"We have a huge network of volunteers. Greyhound Friends of New Jersey is about 24 years old and we have about 30 or 40 people who foster," Heiler said. "Greyhounds are like huge puppies - they've never been around other breeds, seen a TV or heard a microwave beep. They have lived in a big kennel their whole lives, but they're really smart, and they're dying to make you happy."
The minimum donation to adopt a greyhound is $235, which includes spaying or neutering, cleaning, worming, all inoculations, a leash and a collar.
For more information about the greyhounds and adoption details, or to become preapproved to adopt one Sunday, visit www.greyhoundfriendsnj.org. To foster a greyhound, call Linda Lyman, president of the Greyhound Friends of New Jersey, at 732-356-4370.
Concering Animals: Hound Gets A Happy Home
by Joan Lowell Smith/For The Star-Ledger
Monday January 12, 2009, 1:11 PM
Luke Tobin, a rescued greyhound, enjoys his retirement.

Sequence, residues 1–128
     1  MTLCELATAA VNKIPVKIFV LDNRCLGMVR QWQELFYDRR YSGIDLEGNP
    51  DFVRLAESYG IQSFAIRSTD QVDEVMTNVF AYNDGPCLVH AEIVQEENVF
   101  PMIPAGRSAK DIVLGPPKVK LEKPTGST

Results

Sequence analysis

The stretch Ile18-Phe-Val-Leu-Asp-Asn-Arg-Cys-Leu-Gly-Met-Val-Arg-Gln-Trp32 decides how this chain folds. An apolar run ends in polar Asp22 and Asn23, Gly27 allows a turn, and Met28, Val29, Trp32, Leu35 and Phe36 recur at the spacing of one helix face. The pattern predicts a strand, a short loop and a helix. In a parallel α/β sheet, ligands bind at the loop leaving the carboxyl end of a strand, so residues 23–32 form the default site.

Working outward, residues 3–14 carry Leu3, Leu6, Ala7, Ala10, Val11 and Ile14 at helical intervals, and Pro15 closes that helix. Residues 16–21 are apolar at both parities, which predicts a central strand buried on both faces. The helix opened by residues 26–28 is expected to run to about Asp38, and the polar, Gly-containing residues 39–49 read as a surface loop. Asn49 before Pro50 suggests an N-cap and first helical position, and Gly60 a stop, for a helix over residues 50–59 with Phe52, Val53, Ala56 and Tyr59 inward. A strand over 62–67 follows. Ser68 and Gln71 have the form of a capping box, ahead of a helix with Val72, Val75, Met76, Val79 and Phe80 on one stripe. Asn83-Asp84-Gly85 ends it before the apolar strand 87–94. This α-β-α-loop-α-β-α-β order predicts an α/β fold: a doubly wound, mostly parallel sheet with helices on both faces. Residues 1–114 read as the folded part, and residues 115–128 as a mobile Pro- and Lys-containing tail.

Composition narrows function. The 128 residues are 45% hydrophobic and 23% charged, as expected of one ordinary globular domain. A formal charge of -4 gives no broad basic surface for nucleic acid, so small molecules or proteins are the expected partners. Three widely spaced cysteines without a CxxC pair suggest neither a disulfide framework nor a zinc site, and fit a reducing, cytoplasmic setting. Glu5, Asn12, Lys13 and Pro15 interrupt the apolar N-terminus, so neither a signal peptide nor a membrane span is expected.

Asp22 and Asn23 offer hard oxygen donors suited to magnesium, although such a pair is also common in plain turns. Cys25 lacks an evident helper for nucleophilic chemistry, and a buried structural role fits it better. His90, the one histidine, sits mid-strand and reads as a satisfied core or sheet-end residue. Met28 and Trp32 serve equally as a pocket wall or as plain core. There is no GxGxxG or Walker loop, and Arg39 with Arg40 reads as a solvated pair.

Sometimes it pays to be a stowaway.
A racetrack reject just found that out when he was "accidentally" included in a shipment of retired greyhounds from Florida tracks.
"There were supposed to be 20 greys in the haul," said Cathy Martinson of Leonia, who has been adopting retired greyhounds for several years with her partner Susan Tobin. Ten of the sleek dogs were slated for Greyhound Friends of New Jersey(greyhoundfriendsnj.org) and the other ten were going to a greyhound friends organization in Connecticut.
There was an extra dog. Ten of the dogs came with birth dates, racing records, health data and tattoos in their ears. The unlisted extra had the tattoos and an old piece of adhesive tape attached with the name Winky. "We couldn't find any racing records on the database," she said. Why? Because he had only one eye. Providentially, Martinson and Tobin were waiting at the end of the ride since the word was out that they had adopted Breakaway, a one-eyed wonder who lost a hind leg and, inevitably, his life to cancer.
"He handled it all beautifully," Tobin said. "Treatment gave him nine more months."